He emphasized, “Nobody should be foolish enough to come to a conclusion on any subject in economics basing it on just one study, even if it’s your own study.”
Equally important to note, however, is that nowhere in the Reinhart and Rogoff paper do the authors mention that high ratios of debt-to-GDP—especially the controversial 90 percent threshold—*cause *slow growth. In fact, they explicitly mention that the 90 percent number required “further sensitivity analysis,” when applied to the four broad debt groupings in their data. The paper in particular mentions that “debt thresholds are importantly country-specific.”
Boskin echoed this subtle yet significant caveat, “I’ve been a little suspicious that there’s a magical debt threshold. If we applied the threshold to any country, it may or may not fit the exact circumstance of the case.”
Whether or not such a debt threshold—more popularly known as a “tipping point”—exists, the argument in favor of more controlled government spending still stands, Boskin argued.
“Numerous other highly regarded peer-reviewed academic studies, with more convincing treatment of causality than the Reinhart and Rogoff paper suggests, conclude high deficits and debt raise long-run interest rates (and hence decrease investment and future income) or more directly, decrease GDP growth,” he later clarified.
The basic economic intuition behind this argument is as follows: without more controlled entitlement spending, particularly with regards to Social Security and Medicare in the U.S., future taxes will have to be paid on the debt resulting from the deficit. This may not occur in the near future, but eventually this debt—and the higher interest accrued on this debt—will have to be paid, translating into higher taxes paid by future generations. Higher taxes would also likely crowd out private investment, potentially resulting in lower future incomes.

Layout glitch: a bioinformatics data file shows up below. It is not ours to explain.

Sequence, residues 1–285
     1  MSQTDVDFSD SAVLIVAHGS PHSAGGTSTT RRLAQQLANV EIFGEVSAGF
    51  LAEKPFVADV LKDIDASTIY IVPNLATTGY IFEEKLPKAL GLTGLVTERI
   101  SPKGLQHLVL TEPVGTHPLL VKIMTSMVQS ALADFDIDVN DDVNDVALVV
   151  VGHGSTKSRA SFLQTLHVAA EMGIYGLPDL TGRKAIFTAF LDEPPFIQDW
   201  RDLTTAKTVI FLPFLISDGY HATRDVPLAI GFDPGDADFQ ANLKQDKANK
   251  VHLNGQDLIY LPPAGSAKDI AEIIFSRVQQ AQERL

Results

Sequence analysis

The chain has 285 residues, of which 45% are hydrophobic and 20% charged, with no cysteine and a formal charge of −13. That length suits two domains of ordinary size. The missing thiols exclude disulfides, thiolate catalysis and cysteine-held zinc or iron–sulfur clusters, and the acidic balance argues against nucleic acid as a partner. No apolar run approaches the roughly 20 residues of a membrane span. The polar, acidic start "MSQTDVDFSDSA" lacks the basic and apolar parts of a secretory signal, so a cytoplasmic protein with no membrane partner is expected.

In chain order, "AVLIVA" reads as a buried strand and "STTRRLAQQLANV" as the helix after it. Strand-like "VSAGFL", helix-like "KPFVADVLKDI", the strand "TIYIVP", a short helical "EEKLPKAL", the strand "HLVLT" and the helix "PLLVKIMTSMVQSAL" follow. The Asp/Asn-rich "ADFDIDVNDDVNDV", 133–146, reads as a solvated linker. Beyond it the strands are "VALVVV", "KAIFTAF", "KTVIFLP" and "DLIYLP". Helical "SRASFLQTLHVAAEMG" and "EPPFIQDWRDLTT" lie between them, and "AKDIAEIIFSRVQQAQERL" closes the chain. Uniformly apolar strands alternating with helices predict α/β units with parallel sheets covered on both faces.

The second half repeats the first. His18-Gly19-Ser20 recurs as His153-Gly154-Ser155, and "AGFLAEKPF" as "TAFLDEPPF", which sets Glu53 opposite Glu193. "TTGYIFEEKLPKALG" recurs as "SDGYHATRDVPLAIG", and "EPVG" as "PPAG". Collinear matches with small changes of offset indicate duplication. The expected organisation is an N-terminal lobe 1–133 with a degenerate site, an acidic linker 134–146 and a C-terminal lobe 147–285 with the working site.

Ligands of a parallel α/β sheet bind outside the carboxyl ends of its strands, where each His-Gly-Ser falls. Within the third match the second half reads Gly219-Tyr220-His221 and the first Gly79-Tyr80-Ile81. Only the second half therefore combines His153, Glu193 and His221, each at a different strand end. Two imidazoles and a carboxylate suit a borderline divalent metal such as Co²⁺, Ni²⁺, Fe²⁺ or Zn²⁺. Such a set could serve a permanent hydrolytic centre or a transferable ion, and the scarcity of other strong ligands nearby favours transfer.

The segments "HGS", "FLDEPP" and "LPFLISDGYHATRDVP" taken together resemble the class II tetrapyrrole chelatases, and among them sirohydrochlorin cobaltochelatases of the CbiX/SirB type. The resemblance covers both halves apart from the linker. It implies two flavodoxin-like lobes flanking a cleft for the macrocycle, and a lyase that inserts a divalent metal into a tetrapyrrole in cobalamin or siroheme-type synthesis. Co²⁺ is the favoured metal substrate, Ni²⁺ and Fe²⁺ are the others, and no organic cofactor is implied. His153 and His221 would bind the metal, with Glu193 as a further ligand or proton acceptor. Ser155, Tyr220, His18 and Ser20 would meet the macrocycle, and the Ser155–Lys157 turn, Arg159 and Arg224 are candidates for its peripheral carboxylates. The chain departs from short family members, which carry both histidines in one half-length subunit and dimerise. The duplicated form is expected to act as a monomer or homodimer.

“When you accumulate the effect of high debt ratios, it adds up to a big decrease in standards of living. So for you and all the Review readers, if we don’t get our projected debt under control, in the not-too-distant future, you’re going to have less income and pay higher taxes than you should,” Boskin emphasized.
He further argued that the term “austerity agenda,” is particularly misleading.
“That’s a bad name because a version of that would be good for the economy. And that would be a phased-in, gradual reduction in the growth of spending. I don’t think it would be austere at all, and I think some types of big additional stimulus would do very little in the short-run and would be very austere to your generation,” he said.
Thus, the Reinhart-Rogoff Excel error remains just that, an error. Whether it will impact the eventual resolution of the highly contentious debates over fiscal policy in a slowly recovering global economy is highly unlikely. Whether it will remain the target of media professionals from the political left, however, remains to be seen.
Boskin added, “In my view, the Reinhart-Rogoff ‘error’ and the frenzied response to it have been something of a distraction and something of a disservice for people trying to do serious economic analysis.”